The biotechnology industry is as exciting in 2013 as it ever has been before, providing investors opportunities to be a part of a paradigm shift that exploits decades of research that are now cornerstones for building game-changing therapies. One of the most intriguing propositions today is that of genomics, an industry that is gaining traction in the medical space in recent years. Ten years after the completion of the Human Genome Project, the decreasing costs associated with mapping and molecular diagnostics are shepherding increasing acceptance and usage, uniquely positioning Arrayit Corporation (ARYC) for growth amid larger peers like Exact Sciences Corp. (NASDAQ:EXAS) and Myriad Genetics, Inc. (MYGN), especially with Arrayit’s focus on diagnostics for ovarian cancer as part of their larger portfolio of offerings.
Experts Speak Out on the Future of Genomics
Speaking at the recent FutureMed conference at Singularity University, synthetic biology expert for Autodesk’s (NASDAQ:ADSK) Bio/Nano Programmable Group Andrew Hessel defined the growth potential for genomics when he said that the 21st century is to biology as the 20th century was to information technology. Echoing that sentiment, research firm Companies and Markets predicted that the molecular diagnostics market will grow to $8.1 billion in 2017 from $4.8 billion in 2011.
The Ovarian Cancer Challenge
Ovarian cancer is the fifth leading cause of cancer among women in the United States and the leading cause of female reproductive cancer deaths. The National Cancer Institute estimated that 22,280 women will be diagnosed with ovarian cancer in 2012 and more than 15,000 deaths will occur during the year because of the disease. These high diagnosis and mortality rates carry cost in excess of $5.1 billion annually.
One of the problems is that today’s therapies are most effective when ovarian cancer is detected early. This difference between diagnosis at Stage 1A versus Stage 4 is striking. Nearly all Stage 1A patients can be cured and even 93 percent of Stage 1B patients survive more than five years. However, 82 out of every 100 patients diagnosed at Stage 4 die within five years.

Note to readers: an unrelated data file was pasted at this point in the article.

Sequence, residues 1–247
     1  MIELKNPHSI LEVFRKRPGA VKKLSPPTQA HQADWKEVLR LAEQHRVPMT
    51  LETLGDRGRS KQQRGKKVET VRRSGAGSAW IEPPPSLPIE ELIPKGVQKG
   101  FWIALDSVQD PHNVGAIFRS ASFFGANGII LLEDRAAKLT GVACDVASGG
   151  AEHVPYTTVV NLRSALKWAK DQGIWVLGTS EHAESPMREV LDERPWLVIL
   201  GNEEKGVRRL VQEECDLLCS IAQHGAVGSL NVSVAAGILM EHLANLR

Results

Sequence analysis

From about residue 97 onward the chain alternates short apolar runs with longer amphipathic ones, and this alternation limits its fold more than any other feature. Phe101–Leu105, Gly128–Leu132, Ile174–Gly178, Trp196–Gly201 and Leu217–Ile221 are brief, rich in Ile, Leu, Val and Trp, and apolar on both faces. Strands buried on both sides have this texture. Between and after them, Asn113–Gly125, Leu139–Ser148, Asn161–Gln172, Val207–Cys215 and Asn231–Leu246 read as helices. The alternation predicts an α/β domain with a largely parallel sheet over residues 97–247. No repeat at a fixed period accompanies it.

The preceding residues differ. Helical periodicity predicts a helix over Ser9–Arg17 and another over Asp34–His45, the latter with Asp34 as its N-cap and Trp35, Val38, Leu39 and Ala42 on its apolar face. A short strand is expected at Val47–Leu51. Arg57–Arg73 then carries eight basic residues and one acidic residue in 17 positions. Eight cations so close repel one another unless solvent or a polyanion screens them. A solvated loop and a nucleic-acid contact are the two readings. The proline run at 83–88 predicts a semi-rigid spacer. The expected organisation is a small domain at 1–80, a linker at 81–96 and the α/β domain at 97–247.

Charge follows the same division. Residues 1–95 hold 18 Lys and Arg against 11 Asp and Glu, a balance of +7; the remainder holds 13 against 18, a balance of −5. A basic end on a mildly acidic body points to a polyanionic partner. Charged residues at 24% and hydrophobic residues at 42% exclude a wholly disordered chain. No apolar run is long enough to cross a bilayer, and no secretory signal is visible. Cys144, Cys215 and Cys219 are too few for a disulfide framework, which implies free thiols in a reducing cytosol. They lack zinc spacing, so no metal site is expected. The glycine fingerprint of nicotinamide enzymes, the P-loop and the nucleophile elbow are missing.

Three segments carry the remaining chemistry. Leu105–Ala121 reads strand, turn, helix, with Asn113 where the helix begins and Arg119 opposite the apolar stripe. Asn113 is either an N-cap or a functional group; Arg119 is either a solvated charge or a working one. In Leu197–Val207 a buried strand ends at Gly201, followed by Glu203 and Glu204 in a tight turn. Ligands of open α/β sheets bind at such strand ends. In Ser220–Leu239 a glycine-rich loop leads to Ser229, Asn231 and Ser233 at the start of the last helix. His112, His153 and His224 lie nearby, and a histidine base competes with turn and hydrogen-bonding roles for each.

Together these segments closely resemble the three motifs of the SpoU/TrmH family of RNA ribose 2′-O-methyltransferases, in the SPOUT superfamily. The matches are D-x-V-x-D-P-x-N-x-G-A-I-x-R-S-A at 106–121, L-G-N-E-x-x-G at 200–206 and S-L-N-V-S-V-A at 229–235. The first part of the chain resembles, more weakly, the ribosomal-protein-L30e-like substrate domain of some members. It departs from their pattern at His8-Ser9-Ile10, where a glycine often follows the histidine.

While there have been advancements in therapeutics, the answer to this “silent killer” resides within screening and early detection.
Arrayit’s OvaDx® pre-symptomatic ovarian screening cancer test provides this type of solution.
Tried, True and Fast Results
Based on more than a decade of research and development, Arrayit’s patented proteomic approach tests about 100 markers in parallel, identifying genetic and physiological causes by exploiting the immune system for early detection of ovarian cancer.
Research has documented an amazing accuracy rate and the digital testing can be done with only a few drops of blood to deliver a definitive “yes” or “no” answer.
Arrayit has refined the process for nearly immediate results. Within 150 minutes, a tiny amount of patient’s serum is mixed with the OvaDx reaction buffer to create a sample that reacts with the OvaDx microarray, leading to biomarker binding that is then washed, scanned and quantified to generate the test result.
Research data conducted using 188 serum samples across seven different ovarian subtypes from varying stages of the disease showed 100 percent specificity and 79.7 percent combined sensitivity.
Great for Cancer Patients, Great for Shareholders
The revenue potential from OvaDx® for Arrayit is incredible for a company that posted a small net profit in the third quarter of 2012 and yet still maintains a modest market capitalization of $3.85 million.
It does not seem an exaggeration to say that the OvaDx® test would deliver a substantial benefit to ovarian cancer patients and to the nation by reducing costs in the healthcare system. Extrapolating information from the NCI and others, nearly 10 percent of adult women in the U.S. run an elevated risk of ovarian cancer and should be tested every five years, meaning that approximately 1.5 million tests should be conducted annually. At a $650-per-test price point, sales would total $975 million annually for Arrayit.
$975 million in testing could potentially reduce ovarian cancer deaths by more about 80 percent (based upon cumulative specificity modeling as noted above), meaning that running a 2.5-hour OvaDx® screen could save about 12,000 women’s lives each year and more than $3.1 billion in associated healthcare costs.
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